Pablo Picasso, ‘Venus et l’Amour Voleur de Miel’, 1957, Dellasposa
Pablo Picasso, ‘Venus et l’Amour Voleur de Miel’, 1957, Dellasposa

Annotated ‘Le fait’ [trans. ‘the fact’] and dated 12.6.57 and 13.6.57’; inscribed ‘(Cranach l’Ancien venus et l’amour voleur de miel. Collection Lehman)’, by the artist’s hand in black, upper left on verso

Signature: Signed by the artist ‘Piccasso’ in blue crayon, lower right on paper

Publisher: Fernand Mourlot, London

Pablo Picasso worked in close collaboration with the master printer Fernand Mourlot in Paris, especially when working in colour lithography, which he found to be a laborious and challenging printing medium. Picasso’s dealer, Daniel-Henry Kahnweiler, explained the source of the artist’s inspiration: ‘One of Picasso’s notable characteristics was his need to transform existing works of art, to compose ‘variations on a theme’, as it were. His point of departure was often simply a reproduction in a book; or even a postcard sent by myself, such as [a painting by] Cranach.’

In 1957, Picasso created a gouache painting after a magazine illustration of 'Venus with Cupid the Honey Thief' by Lucas Cranach the Elder (1580-1620). Painting on an oak panel, this work now resides in the Lehman collection at The Metropolitan Museum of Art, New York. Picasso was so inspired by the work that he, alongside the master printer Fernand Mourlot, produce the work as a lithographic print. Here, the goddess Venus and her son Cupid stand beside a tree at the edge of a leafy thicket. Wearing jewellery and a large hat over sn embroidered snood, Venus gazes out toward the viewer. She holds a diaphanous veil across her hips. Cupid, who carries a honeycomb taken from a hive in the tree trunk, is attacked by a swarm of bees and cries out to his mother in distress.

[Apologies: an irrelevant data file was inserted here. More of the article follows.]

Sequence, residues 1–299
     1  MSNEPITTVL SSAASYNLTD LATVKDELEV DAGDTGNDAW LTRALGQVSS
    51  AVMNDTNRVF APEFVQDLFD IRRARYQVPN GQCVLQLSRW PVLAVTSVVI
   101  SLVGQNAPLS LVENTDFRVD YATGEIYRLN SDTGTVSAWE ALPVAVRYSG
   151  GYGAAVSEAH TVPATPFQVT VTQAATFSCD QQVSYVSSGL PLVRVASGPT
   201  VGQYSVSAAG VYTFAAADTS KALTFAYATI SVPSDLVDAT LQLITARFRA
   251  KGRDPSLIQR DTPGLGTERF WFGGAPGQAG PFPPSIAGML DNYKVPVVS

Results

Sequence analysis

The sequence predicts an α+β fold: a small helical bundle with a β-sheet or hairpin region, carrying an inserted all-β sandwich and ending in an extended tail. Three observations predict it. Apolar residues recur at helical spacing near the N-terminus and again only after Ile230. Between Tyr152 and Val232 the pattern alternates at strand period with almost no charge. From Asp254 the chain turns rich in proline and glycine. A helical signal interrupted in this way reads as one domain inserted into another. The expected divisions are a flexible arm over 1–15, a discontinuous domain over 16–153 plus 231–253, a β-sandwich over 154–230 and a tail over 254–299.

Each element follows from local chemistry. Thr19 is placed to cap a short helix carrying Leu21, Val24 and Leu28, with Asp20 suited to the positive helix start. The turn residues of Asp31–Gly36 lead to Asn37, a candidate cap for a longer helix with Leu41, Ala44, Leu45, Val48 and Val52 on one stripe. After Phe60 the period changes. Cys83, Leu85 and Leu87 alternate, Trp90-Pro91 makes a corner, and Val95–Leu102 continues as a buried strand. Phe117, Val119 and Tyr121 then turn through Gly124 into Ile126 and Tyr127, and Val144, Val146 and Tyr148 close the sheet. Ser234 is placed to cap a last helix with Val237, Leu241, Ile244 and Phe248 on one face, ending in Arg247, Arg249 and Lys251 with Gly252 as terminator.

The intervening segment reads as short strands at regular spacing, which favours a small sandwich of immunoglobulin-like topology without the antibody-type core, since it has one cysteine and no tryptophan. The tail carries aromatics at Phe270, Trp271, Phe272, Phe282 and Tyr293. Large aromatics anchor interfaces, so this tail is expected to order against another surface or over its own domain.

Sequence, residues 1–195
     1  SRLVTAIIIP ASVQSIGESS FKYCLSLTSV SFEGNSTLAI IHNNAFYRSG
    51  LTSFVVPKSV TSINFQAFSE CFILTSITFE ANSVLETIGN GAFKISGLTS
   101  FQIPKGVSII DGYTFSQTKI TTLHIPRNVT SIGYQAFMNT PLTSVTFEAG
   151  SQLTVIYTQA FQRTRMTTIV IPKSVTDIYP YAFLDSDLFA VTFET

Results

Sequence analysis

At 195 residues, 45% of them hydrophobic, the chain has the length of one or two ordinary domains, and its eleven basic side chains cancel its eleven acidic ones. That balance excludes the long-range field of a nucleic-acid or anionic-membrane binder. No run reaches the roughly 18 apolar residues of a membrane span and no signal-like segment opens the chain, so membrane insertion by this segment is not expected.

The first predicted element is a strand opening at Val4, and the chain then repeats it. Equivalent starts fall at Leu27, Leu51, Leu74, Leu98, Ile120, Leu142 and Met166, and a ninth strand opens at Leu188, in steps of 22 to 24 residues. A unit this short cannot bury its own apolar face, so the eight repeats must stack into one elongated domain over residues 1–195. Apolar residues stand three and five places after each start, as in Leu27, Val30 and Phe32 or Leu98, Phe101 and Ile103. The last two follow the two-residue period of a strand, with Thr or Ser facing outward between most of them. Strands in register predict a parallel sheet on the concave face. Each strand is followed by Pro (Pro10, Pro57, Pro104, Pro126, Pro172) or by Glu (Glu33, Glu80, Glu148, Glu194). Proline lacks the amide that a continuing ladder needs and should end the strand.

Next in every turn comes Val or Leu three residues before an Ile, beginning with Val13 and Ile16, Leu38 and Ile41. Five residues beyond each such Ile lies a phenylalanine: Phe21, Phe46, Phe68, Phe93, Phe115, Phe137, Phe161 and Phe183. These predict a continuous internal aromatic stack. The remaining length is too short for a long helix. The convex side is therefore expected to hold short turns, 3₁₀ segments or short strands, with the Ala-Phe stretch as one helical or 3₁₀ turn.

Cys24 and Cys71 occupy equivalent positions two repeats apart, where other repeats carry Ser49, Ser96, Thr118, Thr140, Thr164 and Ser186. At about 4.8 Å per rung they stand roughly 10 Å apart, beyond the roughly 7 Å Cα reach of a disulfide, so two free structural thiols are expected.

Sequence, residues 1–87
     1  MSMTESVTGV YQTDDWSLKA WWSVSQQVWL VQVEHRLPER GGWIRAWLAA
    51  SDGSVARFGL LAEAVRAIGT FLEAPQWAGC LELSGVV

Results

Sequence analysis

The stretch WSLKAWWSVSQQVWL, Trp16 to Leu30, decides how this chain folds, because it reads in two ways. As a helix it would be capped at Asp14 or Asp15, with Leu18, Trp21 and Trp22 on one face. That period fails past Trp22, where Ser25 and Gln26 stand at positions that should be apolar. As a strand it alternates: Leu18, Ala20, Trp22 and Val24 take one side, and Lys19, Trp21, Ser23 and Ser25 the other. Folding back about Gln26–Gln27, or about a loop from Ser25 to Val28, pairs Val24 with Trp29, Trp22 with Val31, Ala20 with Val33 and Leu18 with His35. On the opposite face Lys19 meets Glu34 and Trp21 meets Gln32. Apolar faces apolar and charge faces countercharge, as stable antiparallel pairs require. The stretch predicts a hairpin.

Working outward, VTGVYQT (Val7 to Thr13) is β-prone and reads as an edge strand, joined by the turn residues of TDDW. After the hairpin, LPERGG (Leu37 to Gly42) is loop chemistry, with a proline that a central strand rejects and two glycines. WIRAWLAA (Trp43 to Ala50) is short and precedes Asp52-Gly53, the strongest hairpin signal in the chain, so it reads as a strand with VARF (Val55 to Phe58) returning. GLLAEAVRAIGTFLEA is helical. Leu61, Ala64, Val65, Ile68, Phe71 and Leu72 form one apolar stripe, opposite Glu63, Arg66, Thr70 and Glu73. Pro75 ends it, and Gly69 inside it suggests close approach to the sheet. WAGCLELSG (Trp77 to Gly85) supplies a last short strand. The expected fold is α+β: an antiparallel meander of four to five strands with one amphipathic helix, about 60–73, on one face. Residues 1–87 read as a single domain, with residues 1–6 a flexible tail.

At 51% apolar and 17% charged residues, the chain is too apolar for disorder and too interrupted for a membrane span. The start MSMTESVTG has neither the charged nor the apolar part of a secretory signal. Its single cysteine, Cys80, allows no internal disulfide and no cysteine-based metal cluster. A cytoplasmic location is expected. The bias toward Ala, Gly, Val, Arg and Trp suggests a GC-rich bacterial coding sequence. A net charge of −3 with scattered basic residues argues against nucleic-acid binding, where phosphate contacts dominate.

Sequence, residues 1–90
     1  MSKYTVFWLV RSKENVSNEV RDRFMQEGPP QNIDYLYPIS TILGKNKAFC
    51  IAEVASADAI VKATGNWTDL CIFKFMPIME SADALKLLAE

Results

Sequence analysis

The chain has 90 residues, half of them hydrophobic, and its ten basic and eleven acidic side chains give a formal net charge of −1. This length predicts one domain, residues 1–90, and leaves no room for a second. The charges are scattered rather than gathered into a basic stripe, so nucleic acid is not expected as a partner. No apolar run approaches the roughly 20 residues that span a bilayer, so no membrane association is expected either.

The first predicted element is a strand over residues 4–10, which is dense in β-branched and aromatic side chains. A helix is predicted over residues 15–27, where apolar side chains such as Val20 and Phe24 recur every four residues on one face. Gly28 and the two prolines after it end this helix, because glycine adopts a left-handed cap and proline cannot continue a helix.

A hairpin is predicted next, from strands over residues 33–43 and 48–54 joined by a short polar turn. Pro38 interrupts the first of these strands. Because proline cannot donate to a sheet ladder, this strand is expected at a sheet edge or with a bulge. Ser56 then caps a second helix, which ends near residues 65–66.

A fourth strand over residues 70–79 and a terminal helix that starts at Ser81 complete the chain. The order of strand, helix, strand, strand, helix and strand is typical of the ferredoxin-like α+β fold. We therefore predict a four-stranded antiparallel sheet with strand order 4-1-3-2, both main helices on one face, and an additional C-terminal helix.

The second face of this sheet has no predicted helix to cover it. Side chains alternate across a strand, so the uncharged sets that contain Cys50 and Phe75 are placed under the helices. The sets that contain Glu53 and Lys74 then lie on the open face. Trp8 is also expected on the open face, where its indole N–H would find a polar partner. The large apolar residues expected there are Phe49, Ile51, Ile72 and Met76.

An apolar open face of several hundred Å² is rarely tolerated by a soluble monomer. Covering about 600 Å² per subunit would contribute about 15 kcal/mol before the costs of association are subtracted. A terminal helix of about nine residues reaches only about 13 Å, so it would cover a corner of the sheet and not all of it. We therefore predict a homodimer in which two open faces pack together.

Fernand Mourlot, Picasso Lithographs IV., Catalogue Raisonné 1956-1963 (Monte Carlo: Andre Sauret, 1964), no. 183 (illustrated)

About Pablo Picasso

A prolific and tireless innovator of art forms, Pablo Picasso impacted the course of 20th-century art with unparalleled magnitude. Inspired by African and Iberian art and developments in the world around him, Picasso contributed significantly to a number of artistic movements, notably Cubism, Surrealism, Neoclassicism, and Expressionism. Along with Georges Braque, Picasso is best known for pioneering Cubism in an attempt to reconcile three-dimensional space with the two-dimensional picture plane, once asking, “Are we to paint what’s on the face, what’s inside the face, or what’s behind it?” Responding to the Spanish Civil War, he painted his most famous work, Guernica (1937), whose violent images of anguished figures rendered in grisaille made it a definitive work of anti-war art. “Painting is not made to decorate apartments,” he said. “It’s an offensive and defensive weapon against the enemy.” Picasso’s sizable oeuvre includes over 20,000 paintings, prints, drawings, sculptures, ceramics, theater sets, and costume designs.

Spanish, 1881-1973, Malaga, Spain, based in Paris and Mougins, France